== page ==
“Do not be conformed to this world, but be transformed by the renewal of your mind, that by testing you may discern what is the will of God, what is good and acceptable and perfect.” (Romans 12:2)

“Finally, brothers, whatever is true, whatever is honorable, whatever is just, whatever is pure, whatever is lovely, whatever is commendable, if there is any excellence, if there is anything worthy of praise, think about these things.” (Philippians 4:8)

Maybe having a little reminder close at hand would help. Many find those little bracelets with the letters WWJD embossed on them help. It is hard to come up with a hateful answer to the question, “What Would Jesus Do?”

If you look at life through the Jesus lens it will look a lot brighter to you and will become a happier place to be.

 What lenses will you look at life through today?

Be a different person today…

April 24, 2021

A quote that I’ve kept around in my collection of quotes to write about seemed very appropriate today – “It’s no use going back to yesterday, because I was a different person then.” ― Lewis Carroll

Carroll was not thinking about the impact that the CORONA Virus pandemic would have on us all and certainly could not have foreseen the changes in us all caused by the George Floyd verdict; however, he puts in words a truth that many try to avoid accepting – there is no going back to the way it was, because we are all not the way that we were.

We hear a lot about “getting back to normal” when the virus pandemic is discussed, and it usually involves returning to the way things were before this all started. Yet, we know in our hearts that we can’t go back to the way things were. Just in the U.S. alone, we are missing almost 700,000 people that were there before all of this started, and over 3 million worldwide. That means there are over 3 million holes in “the way things were”; over 3 million opinions, actions and reactions missing from the way things were. We are all different people today because we are missing those people and our interactions with them.

You are a lot different if one of those missing people was a husband or wife, a parent or child, a relative or a close friend. Those holes loom larger as voids in the lives of those left behind. For those left behind, life is different today and they are different people today. There is no going back to the way it was for them.

We must all accept that there is no going back to the way is used to be and instead focus our energy on making the future look more like we would like it to be. We cannot change yesterday, but we still have time to influence tomorrow.

For a while, we must still observe the guidelines about wearing masks, washing our hands and social distancing. The pandemic isn’t over, yet; and, we must all get vaccinations. And, we can take steps to better control gun violence and we can do things to slow or reverse global warming. Those things have huge impacts on our lives, too. We can support police reforms and help in the fight against systemic racism and prejudice and hate of all types. In short, we can become different (better) people and not who we were yesterday or even today.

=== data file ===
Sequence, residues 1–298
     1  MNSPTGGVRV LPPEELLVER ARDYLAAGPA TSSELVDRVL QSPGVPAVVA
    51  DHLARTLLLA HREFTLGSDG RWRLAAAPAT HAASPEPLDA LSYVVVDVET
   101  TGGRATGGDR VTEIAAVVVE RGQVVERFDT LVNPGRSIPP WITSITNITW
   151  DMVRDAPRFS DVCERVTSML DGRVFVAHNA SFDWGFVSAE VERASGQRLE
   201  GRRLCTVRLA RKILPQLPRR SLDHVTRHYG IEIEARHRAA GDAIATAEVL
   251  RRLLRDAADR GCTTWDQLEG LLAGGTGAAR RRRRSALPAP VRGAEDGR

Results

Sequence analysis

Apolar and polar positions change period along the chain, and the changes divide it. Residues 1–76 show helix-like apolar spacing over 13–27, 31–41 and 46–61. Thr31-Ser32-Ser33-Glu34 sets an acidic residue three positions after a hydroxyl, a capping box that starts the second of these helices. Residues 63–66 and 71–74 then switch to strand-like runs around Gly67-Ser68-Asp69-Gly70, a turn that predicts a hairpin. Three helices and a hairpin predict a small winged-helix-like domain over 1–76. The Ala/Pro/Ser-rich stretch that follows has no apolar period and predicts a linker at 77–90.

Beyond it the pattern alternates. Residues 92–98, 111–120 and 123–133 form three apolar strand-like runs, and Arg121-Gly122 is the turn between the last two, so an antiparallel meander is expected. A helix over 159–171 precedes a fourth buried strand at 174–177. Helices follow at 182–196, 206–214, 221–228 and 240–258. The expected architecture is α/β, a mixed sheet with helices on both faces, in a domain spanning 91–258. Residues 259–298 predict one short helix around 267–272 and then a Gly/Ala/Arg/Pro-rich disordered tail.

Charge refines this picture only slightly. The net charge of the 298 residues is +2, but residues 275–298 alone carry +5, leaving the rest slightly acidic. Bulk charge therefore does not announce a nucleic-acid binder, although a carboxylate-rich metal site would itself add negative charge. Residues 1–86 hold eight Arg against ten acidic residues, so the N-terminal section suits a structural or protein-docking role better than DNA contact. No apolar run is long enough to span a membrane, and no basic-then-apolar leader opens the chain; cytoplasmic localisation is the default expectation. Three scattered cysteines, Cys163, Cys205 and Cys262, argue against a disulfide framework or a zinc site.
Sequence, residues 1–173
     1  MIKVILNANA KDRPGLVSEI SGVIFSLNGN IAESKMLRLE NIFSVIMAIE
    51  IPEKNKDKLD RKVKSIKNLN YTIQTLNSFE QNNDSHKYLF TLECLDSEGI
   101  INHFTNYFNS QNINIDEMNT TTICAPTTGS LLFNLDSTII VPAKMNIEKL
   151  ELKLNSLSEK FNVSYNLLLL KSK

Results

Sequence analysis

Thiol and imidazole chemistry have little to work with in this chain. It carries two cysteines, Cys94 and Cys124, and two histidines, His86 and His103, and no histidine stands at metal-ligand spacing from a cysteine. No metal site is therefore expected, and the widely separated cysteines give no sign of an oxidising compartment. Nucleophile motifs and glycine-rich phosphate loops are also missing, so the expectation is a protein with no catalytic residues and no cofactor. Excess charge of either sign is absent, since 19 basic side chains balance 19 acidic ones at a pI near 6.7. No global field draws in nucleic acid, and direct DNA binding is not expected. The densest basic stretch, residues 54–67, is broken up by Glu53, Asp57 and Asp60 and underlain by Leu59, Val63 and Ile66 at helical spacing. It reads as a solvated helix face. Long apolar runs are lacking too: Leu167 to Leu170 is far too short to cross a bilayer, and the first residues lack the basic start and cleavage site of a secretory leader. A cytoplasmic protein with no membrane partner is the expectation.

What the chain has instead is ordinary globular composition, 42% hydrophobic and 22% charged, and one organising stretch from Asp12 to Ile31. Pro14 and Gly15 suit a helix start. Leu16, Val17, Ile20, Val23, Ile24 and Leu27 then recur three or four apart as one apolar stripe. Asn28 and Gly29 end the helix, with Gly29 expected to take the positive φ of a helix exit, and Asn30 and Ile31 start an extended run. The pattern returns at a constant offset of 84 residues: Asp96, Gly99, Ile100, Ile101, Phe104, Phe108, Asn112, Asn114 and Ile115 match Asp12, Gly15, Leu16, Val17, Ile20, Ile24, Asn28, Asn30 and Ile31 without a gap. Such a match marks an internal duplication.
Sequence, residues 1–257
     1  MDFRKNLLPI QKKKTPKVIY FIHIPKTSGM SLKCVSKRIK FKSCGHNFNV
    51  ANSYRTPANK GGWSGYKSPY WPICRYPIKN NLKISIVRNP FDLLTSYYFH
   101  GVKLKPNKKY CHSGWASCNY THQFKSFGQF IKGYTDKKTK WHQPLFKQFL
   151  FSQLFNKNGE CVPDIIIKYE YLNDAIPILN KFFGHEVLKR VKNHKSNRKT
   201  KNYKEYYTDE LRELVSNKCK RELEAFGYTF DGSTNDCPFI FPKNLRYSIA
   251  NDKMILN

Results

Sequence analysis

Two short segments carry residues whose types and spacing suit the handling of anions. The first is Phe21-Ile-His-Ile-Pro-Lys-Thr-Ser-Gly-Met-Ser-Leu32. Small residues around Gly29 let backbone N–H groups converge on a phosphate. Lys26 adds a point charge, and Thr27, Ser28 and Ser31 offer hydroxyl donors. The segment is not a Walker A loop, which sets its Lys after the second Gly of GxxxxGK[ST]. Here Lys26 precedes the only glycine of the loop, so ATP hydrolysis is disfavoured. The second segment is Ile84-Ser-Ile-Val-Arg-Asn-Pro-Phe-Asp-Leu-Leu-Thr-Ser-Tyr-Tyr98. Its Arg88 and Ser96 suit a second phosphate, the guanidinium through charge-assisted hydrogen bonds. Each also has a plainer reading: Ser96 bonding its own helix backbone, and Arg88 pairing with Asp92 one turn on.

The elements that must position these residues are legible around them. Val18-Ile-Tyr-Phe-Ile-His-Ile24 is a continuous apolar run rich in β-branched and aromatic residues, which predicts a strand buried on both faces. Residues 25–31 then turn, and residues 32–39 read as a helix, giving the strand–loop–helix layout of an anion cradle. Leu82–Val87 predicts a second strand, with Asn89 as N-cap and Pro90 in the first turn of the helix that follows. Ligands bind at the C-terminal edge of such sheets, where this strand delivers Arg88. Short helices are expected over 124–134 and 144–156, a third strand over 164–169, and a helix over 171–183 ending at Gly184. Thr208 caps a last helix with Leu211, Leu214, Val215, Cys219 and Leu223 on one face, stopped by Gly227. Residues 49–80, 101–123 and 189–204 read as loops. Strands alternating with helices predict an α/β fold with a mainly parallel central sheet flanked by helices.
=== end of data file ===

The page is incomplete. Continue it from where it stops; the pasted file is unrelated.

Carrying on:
If you need a touchstone, something unchanging that you can cling to that is the same yesterday, today and tomorrow; look no further than to God and Jesus. We are told in the Bible

“For I the Lord do not change; therefore you, O children of Jacob, are not consumed.” (Malachi 3:6)


“Jesus Christ is the same yesterday and today and forever.” (Hebrews 13:8)

Yes, we are all different today that we were yesterday; however, our faith can remain unchanged and that is a reassuring thing. Lean on your faith for the strength to get through this pandemic and to give you the resolve to move forward. We know that change is inevitable and that death is inevitable; however, we also know that death is not final and that gives us the hope and courage to face even that change.

From the shifting sands of uncertain change, climb on the solid rock of your faith and be safe. Be a different and better person today than you were yesterday.

Who are you living for?

April 23, 2021

“I wish I’d had the courage to live a life true to myself, not the life others expected of me.” – from The Top Five Regrets of the Dying – A Life Transformed by the Dearly Departing, a 2012 book by Australian author Bronnie Ware.

Does Ware’s regret apply to you? Are you living your life trying to meet the expectations of others? How would your life be different if you where living it true to yourself?

The regret that Ware postulates is actually quite common, whether we are aware of it or not. From a very young age we are “conditioned” to consider what others think or want from us and act accordingly. Being a “good girl” or “good boy” means acting like or doing what we are told others expect of us. If we don’t we are called bad and punished. It sinks in fairly fast for most and we become used to conforming to the expectations of others. It’s almost as if we start to think of ourselves in the second person.

As we grow up things like being considerate of others or being politically correct take the place of admonishments from mom and dad, and the awareness of our need to go along to get along becomes a driving force. This is not to say that being polite or not blurting out offensive remarks is a bad thing. That is a sign of self-control and consideration for the feelings of others. However, there ae probably other things “holding you back” from being true to your own feelings or desires. Those are the things that Ware was alluding to in the regret that she expressed.